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In October, the female unemployment rate fell below that of men for the first time since the pandemic recession began in March, but women are still out of work at higher rates than in June. 

The new data, released Friday by the Bureau of Labor Statistics, paints a picture of an uneven recovery for women, who have borne the brunt of job loss this year. 

The unemployment rate alone — now 6.5 percent for women and 6.7 percent for men — is only one piece. In September, 865,000 women left the labor force, four times the number of men. About 480,000 of those jobs returned in October. 

That means there are 72.3 million women working, a figure that is lower than June, when 72.6 million women were in the workforce. 

Compared to January, there are still 2.2 million fewer women in the workforce versus 1.5 million fewer men. That means women have regained 39 percent of jobs; men have recovered 58 percent. 

The economy had been slowly clawing back out of the losses in April, when 3.6 million women left the workforce over the span of two months, triggering the first female recession. 

The unemployment rate for women fell from 7.7 percent in September, but rates remain much higher for Black women (9.2 percent) and Latinas (9 percent). 

The complicated snapshot of female work this month is likely a result of the way the numbers are counted. BLS uses two surveys when it releases its numbers: The household survey, which queries households, and the establishment survey, which queries businesses. The mismatch between the figures in the two surveys likely reflects the unprecedented nature of work this year, with women shifting the number of work hours they have as the year goes on, said Diane Lim, an economist and author of the EconomistMom blog. 

“During this recession, the lines of work and being home with family are so blurred, and the type of unemployment or employment — the traditional notion of knowing when you’re unemployed versus on temporary furlough, how to count yourself” has changed dramatically, but the survey questions have not, Lim said. 

For women, when you look under the hood of those responses, it may be true that they’re increasing their workforce participation by increasing their hours.

“There’s a lot of women [and working fathers] that have, from September to October … come up with their own kinds of pods, essentially, with friends and neighbors and extended family members. They started to make it work in a more permanent way,” Lim said. “I think a lot of families are realizing, ‘Oh, it’s going to be like this for a while. We’re going to have to figure out how to combine stuff at home and at work.” 

The female recession, Lim added, is far from over. 

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Working mothers are still reducing their work hours four to five times more than working fathers to ensure their children are cared for and on track at school.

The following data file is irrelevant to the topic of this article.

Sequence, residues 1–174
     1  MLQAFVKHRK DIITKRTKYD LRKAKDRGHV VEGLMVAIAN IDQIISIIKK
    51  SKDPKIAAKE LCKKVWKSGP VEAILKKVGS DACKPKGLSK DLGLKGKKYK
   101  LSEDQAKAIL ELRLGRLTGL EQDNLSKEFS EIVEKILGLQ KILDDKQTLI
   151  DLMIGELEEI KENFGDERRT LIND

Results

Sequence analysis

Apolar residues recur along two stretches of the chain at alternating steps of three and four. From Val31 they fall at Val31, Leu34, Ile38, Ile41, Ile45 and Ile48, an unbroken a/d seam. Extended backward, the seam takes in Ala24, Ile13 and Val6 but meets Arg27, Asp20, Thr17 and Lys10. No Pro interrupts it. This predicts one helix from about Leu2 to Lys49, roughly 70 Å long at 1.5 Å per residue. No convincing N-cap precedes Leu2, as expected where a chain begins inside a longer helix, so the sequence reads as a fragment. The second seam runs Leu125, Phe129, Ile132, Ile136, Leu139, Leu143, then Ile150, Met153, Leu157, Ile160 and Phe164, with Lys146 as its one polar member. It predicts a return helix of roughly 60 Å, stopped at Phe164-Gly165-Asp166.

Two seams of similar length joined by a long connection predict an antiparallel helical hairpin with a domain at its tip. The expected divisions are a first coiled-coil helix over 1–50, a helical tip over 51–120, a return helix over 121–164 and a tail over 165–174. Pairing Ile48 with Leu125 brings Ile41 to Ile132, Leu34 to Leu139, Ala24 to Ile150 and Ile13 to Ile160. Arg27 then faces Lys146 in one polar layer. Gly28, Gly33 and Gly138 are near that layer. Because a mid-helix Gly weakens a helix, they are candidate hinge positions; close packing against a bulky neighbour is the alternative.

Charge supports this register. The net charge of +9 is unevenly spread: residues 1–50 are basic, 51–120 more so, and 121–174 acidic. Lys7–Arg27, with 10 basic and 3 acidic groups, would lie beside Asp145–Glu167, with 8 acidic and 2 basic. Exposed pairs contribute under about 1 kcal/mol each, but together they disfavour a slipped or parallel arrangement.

An analysis by The Century Foundation and the Center for American Progress (CAP), a progressive think tank, found that working mothers’ reduced labor participation leads to billions in losses for the economy. If the levels from April 2020 persisted, lost wages would amount to about $64.6 billion a year. The situation has improved since April, but it continues to lag significantly behind pre-pandemic numbers. 

The study found that if just 1 percent of working mothers shifted from full-time to part-time work, that would amount to a $5 billion loss in wages per year, without accounting for the additional lost benefits of paid leave and health insurance. 

Sarah Jane Glynn, a senior fellow at CAP and co-author of the report, called the analysis “likely an underestimate of the significant economic blow we are feeling because families do not have access to the child care they need.”

And the problem is happening at all income levels and in all fields. 

In academia, for instance, a recent study from Harvard University found that female principal investigators with at least one child under five had an almost 40 percent decline in research time compared to 21 percent for other respondents. The loss worsens an already pervasive, 10-point gender gap that finds fewer mothers with young children in tenure-track faculty positions. 

It’s all happening in the context of an economy that is slowly recovering — but unevenly. 

At the worst of the crisis, 20.8 million jobs were lost in April. About 2.8 million returned in May, and another 4.8 million returned in June. But then those figures started to slow down: In July 1.8 million jobs came back, in August that figure was 1.5 million and in September only 661,000 jobs came back. October brought back even less — 630,000 jobs.

Overall, 55 percent of the jobs lost this year have returned. About 10 million are still lost.  

In the returns category, leisure and hospitality saw the biggest boost in October. In term of the jobs women regained, 59 percent were in that industry. Hospitality already disproportionately employs women, and the jobs that disappeared there in the early part of the year are part of the reason the nation plunged into a female recession. 

What’s clear, said Michael Madowitz, an economist at CAP who tracks the figures for women, is that when the coronavirus is kept at bay, jobs in hospitality return and women’s prospects improve.
That means, Madowitz said, that “there is absolutely no way to look at this stuff and say you can have a meaningful recovery for women without controlling the virus.”